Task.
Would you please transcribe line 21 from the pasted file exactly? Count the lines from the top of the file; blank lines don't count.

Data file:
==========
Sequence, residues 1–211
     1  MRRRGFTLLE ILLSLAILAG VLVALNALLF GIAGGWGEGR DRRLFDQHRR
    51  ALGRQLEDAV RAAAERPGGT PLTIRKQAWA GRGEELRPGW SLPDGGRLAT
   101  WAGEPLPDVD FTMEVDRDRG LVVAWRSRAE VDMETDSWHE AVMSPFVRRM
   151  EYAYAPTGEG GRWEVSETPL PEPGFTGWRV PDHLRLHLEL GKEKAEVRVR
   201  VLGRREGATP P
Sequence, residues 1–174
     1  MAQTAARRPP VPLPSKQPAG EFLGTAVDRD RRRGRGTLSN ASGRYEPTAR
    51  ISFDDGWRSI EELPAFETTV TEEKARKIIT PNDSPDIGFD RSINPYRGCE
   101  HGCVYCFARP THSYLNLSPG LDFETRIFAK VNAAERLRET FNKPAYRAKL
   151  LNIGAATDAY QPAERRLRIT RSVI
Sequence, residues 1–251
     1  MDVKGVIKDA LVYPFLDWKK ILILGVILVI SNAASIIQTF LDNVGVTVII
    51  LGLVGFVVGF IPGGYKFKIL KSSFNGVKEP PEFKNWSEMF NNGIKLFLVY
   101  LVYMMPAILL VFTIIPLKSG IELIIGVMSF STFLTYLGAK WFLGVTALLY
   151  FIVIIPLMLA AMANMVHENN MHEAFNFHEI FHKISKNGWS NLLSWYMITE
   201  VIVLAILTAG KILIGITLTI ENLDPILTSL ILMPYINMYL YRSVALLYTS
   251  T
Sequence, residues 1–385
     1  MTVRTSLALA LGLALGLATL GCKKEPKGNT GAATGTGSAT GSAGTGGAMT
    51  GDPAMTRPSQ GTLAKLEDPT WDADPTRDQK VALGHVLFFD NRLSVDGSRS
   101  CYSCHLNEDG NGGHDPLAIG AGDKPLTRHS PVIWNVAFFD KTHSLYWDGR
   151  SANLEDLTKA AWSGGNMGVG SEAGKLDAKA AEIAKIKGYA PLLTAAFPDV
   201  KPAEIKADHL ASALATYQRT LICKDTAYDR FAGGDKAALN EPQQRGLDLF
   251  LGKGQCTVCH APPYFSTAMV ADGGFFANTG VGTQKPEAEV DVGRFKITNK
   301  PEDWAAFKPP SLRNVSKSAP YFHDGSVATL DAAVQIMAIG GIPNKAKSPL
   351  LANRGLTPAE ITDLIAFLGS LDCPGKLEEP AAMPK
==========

    51  GDPAMTRPSQ GTLAKLEDPT WDADPTRDQK VALGHVLFFD NRLSVDGSRS